Problems of Archaeology, Ethnography, Anthropology of
Siberia and Neighboring Territories

ISSN 2658-6193 (Online)

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2019 Volume XXV

DOI: 10.17746/2658-6193.2019.25.790-794

УДК 902.01

Clay Anthropomorphic Representation from Pashkin Bor (Western Siberia)

Lomov P.K., Novikov A.V., Morozov A.A.

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In the field season of 2018, the Kondinsky Unit of IAE SB RAS conducted an archaeological survey in the Khanty-Mansi Autonomous Okrug as a part of agreement on scholarly collaboration with the OOO “NUTs AVKOM-Nasledie”. A well-preserved object of clay plastic art was found in Kondinsky District. This article discusses the Medieval clay plastic art of the taiga zone of Western Siberia, describes the area where the object was discovered, and analyzes the morphological and stylistic features of the clay figurine. The anthropomorphic figurine from the territory of the Pashkin Bor locality is a well-burned object of brown color. The frontal side of the object was decorated with thin sharp implement. The antebrachial and axial part of the figurine are decorated with wavy lines, and the space from the limbs to the head is covered by spiral s-shaped ornamentation. The head is represented as a mask with eyes and mouth. The back side is undecorated and smooth; it shows traces of nail imprints. Similar objects found in fragmented state are typical of the sites of the 10th-13th centuries AD associated with the Kintus stage of the Ob-Irtysh historical and cultural community. Clay plastic art in Western Siberia has deep historical roots. It may be assumed that anthropomorphic objects of clay plastic art were associated with ritual practices related to the creation of a family, giving birth to children, and becoming a grown-up person. The intact figurine found in the Pashkin Bor locality (Kondinsky District) makes it possible to significantly expand the knowledge on the shape, stylistic features, and semantics of objects of clay plastic arts in the taiga zone of Western Siberia in the Middle Ages.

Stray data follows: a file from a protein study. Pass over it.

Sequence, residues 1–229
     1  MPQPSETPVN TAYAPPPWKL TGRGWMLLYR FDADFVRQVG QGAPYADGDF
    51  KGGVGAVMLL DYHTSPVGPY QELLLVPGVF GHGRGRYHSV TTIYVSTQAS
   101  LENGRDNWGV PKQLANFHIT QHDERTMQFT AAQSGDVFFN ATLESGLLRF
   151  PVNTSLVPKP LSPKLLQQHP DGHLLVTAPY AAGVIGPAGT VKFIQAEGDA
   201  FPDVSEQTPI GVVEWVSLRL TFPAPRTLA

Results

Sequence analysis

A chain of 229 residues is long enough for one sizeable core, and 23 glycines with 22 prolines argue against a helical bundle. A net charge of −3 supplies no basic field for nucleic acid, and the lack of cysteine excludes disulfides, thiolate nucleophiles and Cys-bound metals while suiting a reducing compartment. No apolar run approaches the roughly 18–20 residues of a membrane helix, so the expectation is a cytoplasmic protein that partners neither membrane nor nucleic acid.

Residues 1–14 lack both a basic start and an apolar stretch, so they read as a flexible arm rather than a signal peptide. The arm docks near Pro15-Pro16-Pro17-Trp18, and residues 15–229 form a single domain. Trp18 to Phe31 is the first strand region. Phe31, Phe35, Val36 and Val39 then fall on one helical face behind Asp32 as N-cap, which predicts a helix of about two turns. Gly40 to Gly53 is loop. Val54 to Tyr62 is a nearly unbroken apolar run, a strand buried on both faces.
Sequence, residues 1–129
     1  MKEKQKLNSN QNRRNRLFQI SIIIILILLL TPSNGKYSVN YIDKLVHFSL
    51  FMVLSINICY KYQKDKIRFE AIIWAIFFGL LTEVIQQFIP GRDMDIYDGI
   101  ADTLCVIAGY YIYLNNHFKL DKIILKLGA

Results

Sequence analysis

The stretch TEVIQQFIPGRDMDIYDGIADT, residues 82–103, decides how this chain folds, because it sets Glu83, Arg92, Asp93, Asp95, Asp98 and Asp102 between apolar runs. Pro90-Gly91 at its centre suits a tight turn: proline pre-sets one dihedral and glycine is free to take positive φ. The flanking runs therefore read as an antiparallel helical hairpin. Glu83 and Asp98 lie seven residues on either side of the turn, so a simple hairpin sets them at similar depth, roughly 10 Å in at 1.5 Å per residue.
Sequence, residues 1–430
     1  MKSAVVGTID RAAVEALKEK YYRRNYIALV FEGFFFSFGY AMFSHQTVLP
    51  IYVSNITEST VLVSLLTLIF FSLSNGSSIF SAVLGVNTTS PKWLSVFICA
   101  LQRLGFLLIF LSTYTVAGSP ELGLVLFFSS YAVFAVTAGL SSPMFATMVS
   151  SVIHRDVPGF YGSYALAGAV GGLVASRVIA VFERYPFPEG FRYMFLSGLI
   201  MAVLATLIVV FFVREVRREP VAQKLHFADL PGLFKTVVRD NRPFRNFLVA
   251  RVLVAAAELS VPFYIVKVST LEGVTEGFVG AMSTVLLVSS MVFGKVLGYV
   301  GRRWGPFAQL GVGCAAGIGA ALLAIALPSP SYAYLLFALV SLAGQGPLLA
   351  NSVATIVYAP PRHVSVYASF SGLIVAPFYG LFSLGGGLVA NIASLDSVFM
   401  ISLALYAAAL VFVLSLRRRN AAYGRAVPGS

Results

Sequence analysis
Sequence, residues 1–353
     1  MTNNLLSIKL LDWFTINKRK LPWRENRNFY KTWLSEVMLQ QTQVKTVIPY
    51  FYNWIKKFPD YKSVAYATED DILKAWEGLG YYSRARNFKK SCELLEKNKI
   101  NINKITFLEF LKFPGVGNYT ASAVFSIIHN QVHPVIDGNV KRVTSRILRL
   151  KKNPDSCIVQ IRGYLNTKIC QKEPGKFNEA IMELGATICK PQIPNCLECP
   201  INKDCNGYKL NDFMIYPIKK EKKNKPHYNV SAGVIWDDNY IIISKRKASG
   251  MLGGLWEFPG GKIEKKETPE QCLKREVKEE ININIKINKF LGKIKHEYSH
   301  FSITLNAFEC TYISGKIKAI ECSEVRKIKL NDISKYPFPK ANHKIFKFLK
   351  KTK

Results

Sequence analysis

Western Siberia, Kondinsky lowland, art, small clay plastic arts, Middle Ages, Kintus stage, Ob-Irtysh historical and cultural community

Chief Editor
Academician A.P. Derevyanko

Deputy Chief Editor
Academician V.I. Molodin

17, Аkademika Lavrentieva prosp., Novosibirsk, 630090, Russia
Institute of Archaeology and Ethnography of the Siberian Branch of the Russian Academy of Sciences

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